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Issue Report

Collection of full-length papers and in-depth analysis of economic and management issues.

Product Innovation and CEO Leadership

Product Innovation and CEO Leadership

KANG Wu-Ran

Sept. 30, 2008

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Originally released on July 2, 2008

The pursuit of Korean companies in product innovation has placed them among the top players in OECD countries in terms of input, but results have not matched the efforts, placing Korea in the middle. Overall R&D intensity of Korean companies was 3.2% in 2005, ranking fourth behind Sweden (4.6%), Finland (3.6%), and Japan (3.4%). This figure was much higher than the 2.2% average of OECD countries. However, Korea fell short of its OECD peers in two ratios that serve as an index to denote innovation results, “the weight of companies performing product innovation activities” and “that of companies developing innovative products.” To be specific, product innovation among small-medium-sized Korean companies is very stagnant. According to an OECD survey, 78.1% companies employing 10 to 299 workers replied that they performed no product innovation activities whatsoever, while Korea was positioned only at the middle in terms of the ratio of companies developing “new-to-market” products. As such, Korean companies need to raise the level of product innovation and the degree of novelty of the products developed.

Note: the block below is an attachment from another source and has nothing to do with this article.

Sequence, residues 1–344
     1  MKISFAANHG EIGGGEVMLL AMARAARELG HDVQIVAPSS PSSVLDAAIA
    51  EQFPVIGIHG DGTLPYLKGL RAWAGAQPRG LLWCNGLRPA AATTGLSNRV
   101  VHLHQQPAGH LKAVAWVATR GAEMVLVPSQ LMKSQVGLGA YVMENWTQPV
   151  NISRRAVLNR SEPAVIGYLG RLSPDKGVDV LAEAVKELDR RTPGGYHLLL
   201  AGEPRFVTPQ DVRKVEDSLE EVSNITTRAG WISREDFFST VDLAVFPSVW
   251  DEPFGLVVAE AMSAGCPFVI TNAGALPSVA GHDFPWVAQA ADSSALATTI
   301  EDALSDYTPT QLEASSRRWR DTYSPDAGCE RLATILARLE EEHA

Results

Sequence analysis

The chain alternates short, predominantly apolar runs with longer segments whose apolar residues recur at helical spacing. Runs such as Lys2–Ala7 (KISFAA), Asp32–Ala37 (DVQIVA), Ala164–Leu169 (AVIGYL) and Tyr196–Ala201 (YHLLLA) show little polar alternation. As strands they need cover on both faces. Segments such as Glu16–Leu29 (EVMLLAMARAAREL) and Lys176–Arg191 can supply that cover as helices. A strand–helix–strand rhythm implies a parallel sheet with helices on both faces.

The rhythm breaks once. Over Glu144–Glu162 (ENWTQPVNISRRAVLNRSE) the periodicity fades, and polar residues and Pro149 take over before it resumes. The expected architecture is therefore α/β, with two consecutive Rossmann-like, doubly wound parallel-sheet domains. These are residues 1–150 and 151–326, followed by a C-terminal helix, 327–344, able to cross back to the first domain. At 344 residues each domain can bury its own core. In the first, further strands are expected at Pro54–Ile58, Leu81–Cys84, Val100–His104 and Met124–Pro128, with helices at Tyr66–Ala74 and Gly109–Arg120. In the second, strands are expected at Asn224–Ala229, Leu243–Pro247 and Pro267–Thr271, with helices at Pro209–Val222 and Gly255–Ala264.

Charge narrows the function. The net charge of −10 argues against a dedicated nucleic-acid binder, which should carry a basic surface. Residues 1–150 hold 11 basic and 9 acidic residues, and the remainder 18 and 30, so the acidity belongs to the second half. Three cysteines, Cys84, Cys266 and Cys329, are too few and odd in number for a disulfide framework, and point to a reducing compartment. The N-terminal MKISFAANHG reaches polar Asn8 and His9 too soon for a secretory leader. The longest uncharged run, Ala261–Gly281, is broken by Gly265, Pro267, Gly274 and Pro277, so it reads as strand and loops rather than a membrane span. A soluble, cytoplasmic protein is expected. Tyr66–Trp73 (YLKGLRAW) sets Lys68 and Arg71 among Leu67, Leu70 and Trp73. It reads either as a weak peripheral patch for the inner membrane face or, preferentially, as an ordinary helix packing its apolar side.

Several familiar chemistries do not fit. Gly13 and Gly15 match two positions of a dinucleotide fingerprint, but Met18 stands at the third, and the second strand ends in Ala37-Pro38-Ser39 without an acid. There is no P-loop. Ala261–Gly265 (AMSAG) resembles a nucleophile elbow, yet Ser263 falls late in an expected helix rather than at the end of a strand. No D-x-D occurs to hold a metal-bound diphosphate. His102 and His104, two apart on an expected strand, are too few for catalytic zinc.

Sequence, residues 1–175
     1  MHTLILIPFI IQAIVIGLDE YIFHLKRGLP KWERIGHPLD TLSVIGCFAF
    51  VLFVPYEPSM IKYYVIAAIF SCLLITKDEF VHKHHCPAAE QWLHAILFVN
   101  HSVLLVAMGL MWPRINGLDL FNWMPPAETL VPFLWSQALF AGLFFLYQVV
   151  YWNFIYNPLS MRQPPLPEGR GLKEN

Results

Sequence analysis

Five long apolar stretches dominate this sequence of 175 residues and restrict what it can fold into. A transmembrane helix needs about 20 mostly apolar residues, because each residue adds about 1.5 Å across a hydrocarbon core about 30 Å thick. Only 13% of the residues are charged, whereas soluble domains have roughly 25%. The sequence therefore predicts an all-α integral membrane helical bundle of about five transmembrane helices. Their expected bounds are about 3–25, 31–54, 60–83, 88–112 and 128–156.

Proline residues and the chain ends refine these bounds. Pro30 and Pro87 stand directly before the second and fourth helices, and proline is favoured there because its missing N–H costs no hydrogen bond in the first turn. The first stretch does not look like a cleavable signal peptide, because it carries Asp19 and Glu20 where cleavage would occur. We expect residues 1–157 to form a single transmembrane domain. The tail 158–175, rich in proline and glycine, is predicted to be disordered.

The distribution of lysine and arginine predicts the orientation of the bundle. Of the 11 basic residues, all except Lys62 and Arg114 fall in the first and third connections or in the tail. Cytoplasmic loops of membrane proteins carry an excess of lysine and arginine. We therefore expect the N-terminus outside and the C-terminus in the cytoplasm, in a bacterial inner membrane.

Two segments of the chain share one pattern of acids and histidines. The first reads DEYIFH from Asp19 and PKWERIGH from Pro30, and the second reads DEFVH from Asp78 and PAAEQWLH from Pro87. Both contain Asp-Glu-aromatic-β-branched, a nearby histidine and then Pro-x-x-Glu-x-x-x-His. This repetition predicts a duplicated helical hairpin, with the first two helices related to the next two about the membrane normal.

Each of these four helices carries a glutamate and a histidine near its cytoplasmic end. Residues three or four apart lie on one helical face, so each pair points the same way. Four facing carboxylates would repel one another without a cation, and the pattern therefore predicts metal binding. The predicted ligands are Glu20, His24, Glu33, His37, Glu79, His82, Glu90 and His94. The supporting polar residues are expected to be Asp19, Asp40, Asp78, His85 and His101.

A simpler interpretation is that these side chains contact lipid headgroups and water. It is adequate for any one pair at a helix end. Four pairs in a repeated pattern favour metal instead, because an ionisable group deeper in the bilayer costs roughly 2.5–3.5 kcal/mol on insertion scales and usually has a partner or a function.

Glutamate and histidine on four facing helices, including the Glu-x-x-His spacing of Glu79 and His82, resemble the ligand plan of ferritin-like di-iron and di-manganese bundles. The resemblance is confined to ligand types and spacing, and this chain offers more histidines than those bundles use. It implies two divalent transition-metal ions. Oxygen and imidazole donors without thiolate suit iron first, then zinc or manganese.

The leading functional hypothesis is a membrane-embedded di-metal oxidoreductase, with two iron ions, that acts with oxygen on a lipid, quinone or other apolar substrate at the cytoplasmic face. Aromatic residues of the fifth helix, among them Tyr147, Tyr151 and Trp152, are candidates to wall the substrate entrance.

Here, it should be noted that factors involved in product innovation are greatly influenced by CEO leadership. Hence Korean companies need to reconsider what type of CEO leadership will be needed to produce innovative products. Factors influencing product innovation can be classified into four categories : corporate, product, development project, and market. Corporate factors (corporate culture, innovation strategy, organizational structure, etc.) and development project factors (management style, development teams, support from management, etc.) can play a critical role in determining the success of technological development while product factors (including price, quality, and novelty of innovation) and market factors (timely release, competition, marketing) are closely connected to commercial success.

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